Fashion blogs have been quick to cover the impending debut of Los Angeles-based brand Band of Outsiders' collaboration with Starbucks. As a result, we know all of the details: The design (two limited edition ceramic mugs, accented with black or multicolor paint dripping), the launch date (June 24th), the price ($14.95 each) and how the collab came about. Scott Sternberg, the mastermind behind Band of Outsiders, told Vogue: "You get these phone calls from Steven [Kolb, the CEO of the Council of Fashion Designers of America] a couple of times a year and he usually prefaces it 'You're going to say no', but I sort of surprised him [this time] and instinctually and immediately jumped on it."
What is not being discussed with quite as much frequency, however, is what Band of Outsiders stands to gain from the one-off partnership and why the collaboration makes sense for Sternberg's brand in the first place. It seems obvious that Starbucks gains some major fashion buzz from the collab, as the award-winning Band of Outsiders is a coveted label hailed for its modern, rebellious take on American style. The take-aways for Sternberg are noteworthy, as well, and somewhat surprisingly, the collab actually makes sense.
We caught up with Steven Kolb to talk about the underpinnings of the collab from a business of fashion point of view, as a surprising amount of partnerships as of late have made little to no sense at all, aside from allowing brands to pocket some often much-needed cash. That does not appear to be the case here.
Kolb, who was also a key force behind the Rodarte, Alice + Olivia, Charlotte Ronson, and Jonathan Adler x Starbucks collaborations that we have seen over the past few years, said: "With Scott, it always starts with the creative challenge. Brand association is also very important to him." (Hence, Sternberg's comment about surprisingly not saying no to this idea.) So, why did Sternberg, who launched his brand in 2004, agree to do it? Well, in addition to challenging him, Kold says: "It doesn't hurt that Starbucks has a deep social, digital and marketing reach and very loyal customer base." Sternberg hinted at the coffee giant's expansive customer base, taking to the brand's Instagram account to share an image of one of the designs with the caption: "Band of Outsiders + Starbucks! Get one online now or in like a million Starbucks."
Of the collaboration, Sternberg says that it offers him a "huge platform to expose the brand," and one "that's much different from a high-end department store or a high-end boutique that sells our clothes, and this is an attainable product that is giving people an opportunity to sort of experience Band of Outsiders every day." Additionally, Sternberg is a daily Starbucks customer.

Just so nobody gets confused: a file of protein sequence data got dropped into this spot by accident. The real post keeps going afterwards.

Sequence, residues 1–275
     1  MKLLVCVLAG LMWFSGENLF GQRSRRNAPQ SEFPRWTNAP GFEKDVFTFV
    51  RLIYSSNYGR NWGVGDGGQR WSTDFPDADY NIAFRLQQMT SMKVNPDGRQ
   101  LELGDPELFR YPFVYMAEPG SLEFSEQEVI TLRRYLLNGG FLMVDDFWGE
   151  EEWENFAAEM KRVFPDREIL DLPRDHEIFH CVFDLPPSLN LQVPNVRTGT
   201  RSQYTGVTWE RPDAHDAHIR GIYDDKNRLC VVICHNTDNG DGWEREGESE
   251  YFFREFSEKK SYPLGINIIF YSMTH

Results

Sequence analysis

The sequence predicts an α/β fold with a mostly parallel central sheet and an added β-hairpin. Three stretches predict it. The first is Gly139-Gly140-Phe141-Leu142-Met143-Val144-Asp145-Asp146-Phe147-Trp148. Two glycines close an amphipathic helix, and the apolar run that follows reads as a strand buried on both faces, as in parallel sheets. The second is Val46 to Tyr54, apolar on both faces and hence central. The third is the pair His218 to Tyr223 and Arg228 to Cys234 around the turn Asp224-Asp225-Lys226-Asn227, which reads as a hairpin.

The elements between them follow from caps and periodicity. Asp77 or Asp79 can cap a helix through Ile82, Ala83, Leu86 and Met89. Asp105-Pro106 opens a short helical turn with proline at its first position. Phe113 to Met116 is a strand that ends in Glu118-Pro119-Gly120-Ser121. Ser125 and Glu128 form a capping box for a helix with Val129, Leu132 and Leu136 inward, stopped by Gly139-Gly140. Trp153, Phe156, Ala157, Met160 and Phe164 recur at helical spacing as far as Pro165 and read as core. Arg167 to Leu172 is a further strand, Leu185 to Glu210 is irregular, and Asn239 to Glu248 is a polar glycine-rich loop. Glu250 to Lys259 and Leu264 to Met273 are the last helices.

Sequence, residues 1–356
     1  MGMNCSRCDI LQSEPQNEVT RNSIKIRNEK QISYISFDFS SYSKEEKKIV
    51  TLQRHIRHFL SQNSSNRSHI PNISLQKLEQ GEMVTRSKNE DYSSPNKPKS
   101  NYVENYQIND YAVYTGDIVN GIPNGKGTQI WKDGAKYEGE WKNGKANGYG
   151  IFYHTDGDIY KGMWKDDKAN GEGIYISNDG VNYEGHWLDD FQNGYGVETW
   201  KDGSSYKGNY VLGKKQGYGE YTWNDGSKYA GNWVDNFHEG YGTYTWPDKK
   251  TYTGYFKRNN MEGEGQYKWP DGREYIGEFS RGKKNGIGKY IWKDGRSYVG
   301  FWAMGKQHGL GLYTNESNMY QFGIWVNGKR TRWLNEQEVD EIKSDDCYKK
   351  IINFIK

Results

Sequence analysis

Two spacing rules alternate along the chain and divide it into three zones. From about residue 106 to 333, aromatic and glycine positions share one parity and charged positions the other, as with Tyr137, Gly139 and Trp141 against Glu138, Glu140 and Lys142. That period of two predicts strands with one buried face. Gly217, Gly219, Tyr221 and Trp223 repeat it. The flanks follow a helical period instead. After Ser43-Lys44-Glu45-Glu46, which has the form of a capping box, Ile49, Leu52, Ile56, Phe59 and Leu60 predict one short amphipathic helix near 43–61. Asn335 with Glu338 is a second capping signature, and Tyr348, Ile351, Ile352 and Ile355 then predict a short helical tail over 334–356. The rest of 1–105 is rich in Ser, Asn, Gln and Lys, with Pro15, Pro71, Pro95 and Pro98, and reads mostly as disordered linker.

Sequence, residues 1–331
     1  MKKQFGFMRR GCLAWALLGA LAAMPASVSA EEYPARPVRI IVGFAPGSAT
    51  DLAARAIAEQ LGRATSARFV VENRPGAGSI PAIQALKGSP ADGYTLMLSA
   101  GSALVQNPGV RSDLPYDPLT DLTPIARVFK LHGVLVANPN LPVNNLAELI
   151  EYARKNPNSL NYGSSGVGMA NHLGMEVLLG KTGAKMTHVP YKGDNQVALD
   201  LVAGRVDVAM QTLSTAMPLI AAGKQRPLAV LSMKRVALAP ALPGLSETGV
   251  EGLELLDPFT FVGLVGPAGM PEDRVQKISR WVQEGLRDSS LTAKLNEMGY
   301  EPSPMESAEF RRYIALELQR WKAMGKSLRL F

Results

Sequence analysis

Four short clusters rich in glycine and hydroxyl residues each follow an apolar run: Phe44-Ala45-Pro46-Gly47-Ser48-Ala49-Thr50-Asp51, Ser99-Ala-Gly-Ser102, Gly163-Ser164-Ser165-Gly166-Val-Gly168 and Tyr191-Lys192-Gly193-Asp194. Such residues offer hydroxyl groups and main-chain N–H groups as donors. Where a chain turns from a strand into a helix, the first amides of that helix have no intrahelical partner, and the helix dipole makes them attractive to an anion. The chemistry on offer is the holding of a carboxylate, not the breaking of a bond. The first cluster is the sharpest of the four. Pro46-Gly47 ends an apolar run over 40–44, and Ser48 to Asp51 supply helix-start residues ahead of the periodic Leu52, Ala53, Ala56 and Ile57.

While most collaborations stand to assist brands, especially relatively young or small ones, in gaining the attention of new customers, it seems that Sternberg looked one step further. Ever the thoughtful designer and brand builder, Sternberg does not just want to reach new customers but wants to put out a message that is cohesive with his brand's identity and "hopefully give people a fuller understanding of what I do," he says. This is crucial, and yet, this is often the missing link in designer collaborations and the one that can make a collab desirable to shoppers. It is also the element that can dictate the success of the collaboration; success in terms of sales but more importantly, success in terms of brand awareness and engagement after the collaboration is all over. Essentially, are you engaging one-time Starbucks shoppers who think this is a cool mug or are you piquing the interest of individuals who may become devoted Band of Outsiders fans and customers?
Sternberg seems to be acutely aware of the role that a limited time collaboration can play in the grand scheme of a brand. Of this one-time partnership with Starbucks, he says: "It sort of goes back to that idea that we try to create things that are very singular and pure and iconic and that sort of represents something familiar, but helps you look at them in a different way. So, our clothes are preppy clothes and about preppy clothes -- they're not just a rehash of something that was in your closet if you were in prep school growing up, but they were a sort of a modern, clever, fresh take on that. And so in the same way, this is an image of dripping paint and seeing it in a new context, and the word drip ,and just mixing familiar elements and remixing them into something new. That's very much what Band of Outsiders is about."
Considering the frequency with which young designers are faced with opportunities to collaborate, some of which make sense for their brands, some of which absolutely do not, it is refreshing to see a bit of a more seasoned designer addressing the implications of a collaboration and how he can really make it work for his brand in the moment and also make it cohesive with the message he is trying to send as a whole. Young designers, take note. Because while a collaboration can provide great gains for a brand financially and in terms of increased consumer awareness, a bad brand association could also really put a damper on the work a designer has done in building his brand identity, specifically in the beginning stages. As for whether you think the end result is visually appealing is secondary to the business of fashion lesson here, I'll let you discuss that in the comments section below …